- The Washington Times - Sunday, January 20, 2002

RAMALLAH, West Bank Palestinian leader Yasser Arafat yesterday appealed for urgent international intervention as Israel tightened its fist around Palestinian areas in response to renewed violence.
"The current situation is very dangerous," Mr. Arafat told journalists at his Ramallah compound. "I call on the international community to make an immediate move to rescue the situation before it explodes."
Israeli tanks have surrounded Mr. Arafat's compound since Israeli troops lit up the night sky with a powerful explosion that wrecked the official Palestinian broadcasting building, dealing another blow to Mr. Arafat and the Palestinian Authority.
Witnesses in a village north of the West Bank city of Tulkarm said tanks entered the village last night, but the Israeli army denied the report, Reuters news agency said. An army official said the tank movement was related to maneuvers carried out as part of Israel's encirclement of five West Bank areas.
Tanks from an Israeli military base entered Iktaba village and around 70 appeared to be moving nearby, witnesses said.
The reported incursion follows an Israeli army raid Friday into Tulkarm in retaliation for a Palestinian shooting rampage Thursday night in the northern Israeli city of Hadera that killed six persons at a girl's coming-of-age celebration.
Officials said Israel targeted the Palestinian media center because it was the source of what the Israelis described as incitement throughout the Mideast conflict. The Palestinians called the demolition part of an ongoing Israeli attempt to undermine their leadership.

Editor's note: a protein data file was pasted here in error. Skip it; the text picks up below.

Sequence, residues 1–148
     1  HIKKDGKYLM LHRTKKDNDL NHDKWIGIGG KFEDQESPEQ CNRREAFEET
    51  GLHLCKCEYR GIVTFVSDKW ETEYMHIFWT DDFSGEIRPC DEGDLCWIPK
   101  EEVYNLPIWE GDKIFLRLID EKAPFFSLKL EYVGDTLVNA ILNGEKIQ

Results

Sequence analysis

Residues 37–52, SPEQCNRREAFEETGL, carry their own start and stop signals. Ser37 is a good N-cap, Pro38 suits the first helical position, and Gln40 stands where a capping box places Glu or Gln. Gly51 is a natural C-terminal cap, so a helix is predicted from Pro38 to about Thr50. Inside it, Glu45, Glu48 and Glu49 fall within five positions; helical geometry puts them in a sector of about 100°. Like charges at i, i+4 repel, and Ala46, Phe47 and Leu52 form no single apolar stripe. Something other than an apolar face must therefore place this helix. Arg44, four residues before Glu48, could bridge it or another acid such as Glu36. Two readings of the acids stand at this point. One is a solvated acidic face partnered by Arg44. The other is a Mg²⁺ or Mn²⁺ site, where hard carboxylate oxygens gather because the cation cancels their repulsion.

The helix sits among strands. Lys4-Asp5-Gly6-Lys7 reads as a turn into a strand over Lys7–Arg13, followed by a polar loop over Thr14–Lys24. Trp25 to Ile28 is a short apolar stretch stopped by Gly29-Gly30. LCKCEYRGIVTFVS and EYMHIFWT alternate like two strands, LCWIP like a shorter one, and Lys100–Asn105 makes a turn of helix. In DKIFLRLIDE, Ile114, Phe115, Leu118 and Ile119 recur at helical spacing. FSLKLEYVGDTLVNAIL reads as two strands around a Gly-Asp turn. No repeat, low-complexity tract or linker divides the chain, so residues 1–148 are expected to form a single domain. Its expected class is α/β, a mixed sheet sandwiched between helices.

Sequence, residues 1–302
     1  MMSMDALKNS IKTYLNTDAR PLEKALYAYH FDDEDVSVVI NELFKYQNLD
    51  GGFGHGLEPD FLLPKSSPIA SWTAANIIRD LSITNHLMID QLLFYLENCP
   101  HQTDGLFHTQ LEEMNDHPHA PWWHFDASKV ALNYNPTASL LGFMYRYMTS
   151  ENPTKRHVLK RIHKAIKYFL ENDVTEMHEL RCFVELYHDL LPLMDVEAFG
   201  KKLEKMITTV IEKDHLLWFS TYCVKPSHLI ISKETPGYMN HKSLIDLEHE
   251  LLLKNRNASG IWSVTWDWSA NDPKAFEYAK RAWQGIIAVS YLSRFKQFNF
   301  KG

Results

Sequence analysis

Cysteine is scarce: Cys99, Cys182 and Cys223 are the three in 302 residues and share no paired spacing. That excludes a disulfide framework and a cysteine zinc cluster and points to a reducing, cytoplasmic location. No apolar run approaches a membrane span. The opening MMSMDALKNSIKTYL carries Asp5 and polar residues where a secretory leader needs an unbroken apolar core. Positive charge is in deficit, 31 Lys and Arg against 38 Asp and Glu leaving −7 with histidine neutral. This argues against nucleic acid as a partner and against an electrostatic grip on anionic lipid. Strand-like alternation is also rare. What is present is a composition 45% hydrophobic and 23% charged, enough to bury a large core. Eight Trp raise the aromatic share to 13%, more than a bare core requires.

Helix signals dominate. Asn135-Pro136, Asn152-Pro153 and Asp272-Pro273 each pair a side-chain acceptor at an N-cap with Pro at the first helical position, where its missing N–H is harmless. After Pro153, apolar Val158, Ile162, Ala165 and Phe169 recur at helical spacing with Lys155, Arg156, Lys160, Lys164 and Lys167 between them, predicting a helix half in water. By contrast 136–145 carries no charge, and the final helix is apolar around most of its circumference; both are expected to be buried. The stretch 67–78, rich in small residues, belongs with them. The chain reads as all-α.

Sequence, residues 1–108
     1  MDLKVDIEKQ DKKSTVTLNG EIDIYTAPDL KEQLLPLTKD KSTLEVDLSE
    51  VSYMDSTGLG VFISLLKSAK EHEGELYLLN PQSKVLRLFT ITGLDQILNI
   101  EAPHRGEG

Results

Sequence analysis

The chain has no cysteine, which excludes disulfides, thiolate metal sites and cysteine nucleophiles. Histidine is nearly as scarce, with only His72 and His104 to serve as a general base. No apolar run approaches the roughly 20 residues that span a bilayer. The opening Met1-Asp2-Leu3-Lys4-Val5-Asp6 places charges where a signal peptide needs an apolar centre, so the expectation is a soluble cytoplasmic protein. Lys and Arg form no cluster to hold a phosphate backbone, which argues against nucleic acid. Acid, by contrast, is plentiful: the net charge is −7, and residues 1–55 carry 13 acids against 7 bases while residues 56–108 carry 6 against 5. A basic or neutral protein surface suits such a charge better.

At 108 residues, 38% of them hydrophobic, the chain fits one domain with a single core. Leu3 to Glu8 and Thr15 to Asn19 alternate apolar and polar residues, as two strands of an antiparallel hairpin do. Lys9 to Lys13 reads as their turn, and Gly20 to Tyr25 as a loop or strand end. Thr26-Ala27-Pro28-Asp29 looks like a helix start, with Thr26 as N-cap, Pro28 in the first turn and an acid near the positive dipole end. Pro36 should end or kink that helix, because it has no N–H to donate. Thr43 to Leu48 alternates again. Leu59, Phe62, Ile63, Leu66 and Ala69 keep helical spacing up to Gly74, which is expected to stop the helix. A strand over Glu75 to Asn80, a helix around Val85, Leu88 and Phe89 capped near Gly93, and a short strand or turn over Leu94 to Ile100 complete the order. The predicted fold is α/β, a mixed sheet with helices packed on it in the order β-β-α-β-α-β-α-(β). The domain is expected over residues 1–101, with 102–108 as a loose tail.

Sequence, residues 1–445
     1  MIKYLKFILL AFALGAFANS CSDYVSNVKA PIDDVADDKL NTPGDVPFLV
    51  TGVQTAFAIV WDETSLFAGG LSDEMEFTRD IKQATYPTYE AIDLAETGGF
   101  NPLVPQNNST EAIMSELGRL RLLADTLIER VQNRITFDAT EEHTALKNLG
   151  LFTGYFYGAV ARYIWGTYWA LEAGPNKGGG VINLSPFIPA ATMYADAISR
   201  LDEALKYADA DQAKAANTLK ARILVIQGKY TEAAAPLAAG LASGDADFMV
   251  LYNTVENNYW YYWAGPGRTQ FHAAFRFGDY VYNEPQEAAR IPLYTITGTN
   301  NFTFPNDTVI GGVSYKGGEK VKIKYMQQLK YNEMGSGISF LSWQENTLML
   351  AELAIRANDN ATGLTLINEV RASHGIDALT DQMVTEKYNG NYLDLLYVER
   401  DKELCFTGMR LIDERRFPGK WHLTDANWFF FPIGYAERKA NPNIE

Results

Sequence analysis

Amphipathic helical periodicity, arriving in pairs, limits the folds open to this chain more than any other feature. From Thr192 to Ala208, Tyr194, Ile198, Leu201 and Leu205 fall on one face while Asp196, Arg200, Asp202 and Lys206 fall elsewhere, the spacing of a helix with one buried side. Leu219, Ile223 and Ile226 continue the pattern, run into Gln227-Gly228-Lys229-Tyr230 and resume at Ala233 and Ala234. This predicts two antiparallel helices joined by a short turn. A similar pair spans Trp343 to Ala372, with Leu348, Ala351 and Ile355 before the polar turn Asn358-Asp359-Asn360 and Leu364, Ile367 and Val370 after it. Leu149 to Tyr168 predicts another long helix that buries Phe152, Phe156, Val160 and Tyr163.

Israel last week bore down on Palestinian towns and cities, including Tulkarm, in response to a new wave of violence.
Mr. Arafat met at his besieged compound with foreign visitors who included Italian lawmakers and the outgoing archbishop of Canterbury, George Carey, spiritual leader of the world's 77 million Anglicans.
Archbishop Carey urged Israelis and Palestinians to return to the negotiating table.
"Religious leaders have a part to play in this," he told reporters. "Religion is not only part of the answer, but also part of the problem."
Only hours after the Israeli operation at the broadcasting building in Ramallah in the West Bank, Palestinian broadcasting returned to the air. The Voice of Palestine operated out of several local radio stations in Ramallah while Palestine Television used alternative facilities here and in the Gaza Strip.
A few miles from the ruined building, Palestinian protesters clashed with Israeli troops who had taken up positions outside Mr. Arafat's headquarters. Demonstrators threw stones at Israeli vehicles, including armored personnel carriers and tanks that had moved near the edge of the compound a day earlier.
Israeli troops responded with tear gas, rubber bullets and stun grenades. Palestinian hospital officials said 22 persons were injured, 10 from rubber bullets and 12 from breathing tear gas. One youth, shot in the head with a rubber bullet, was in critical condition.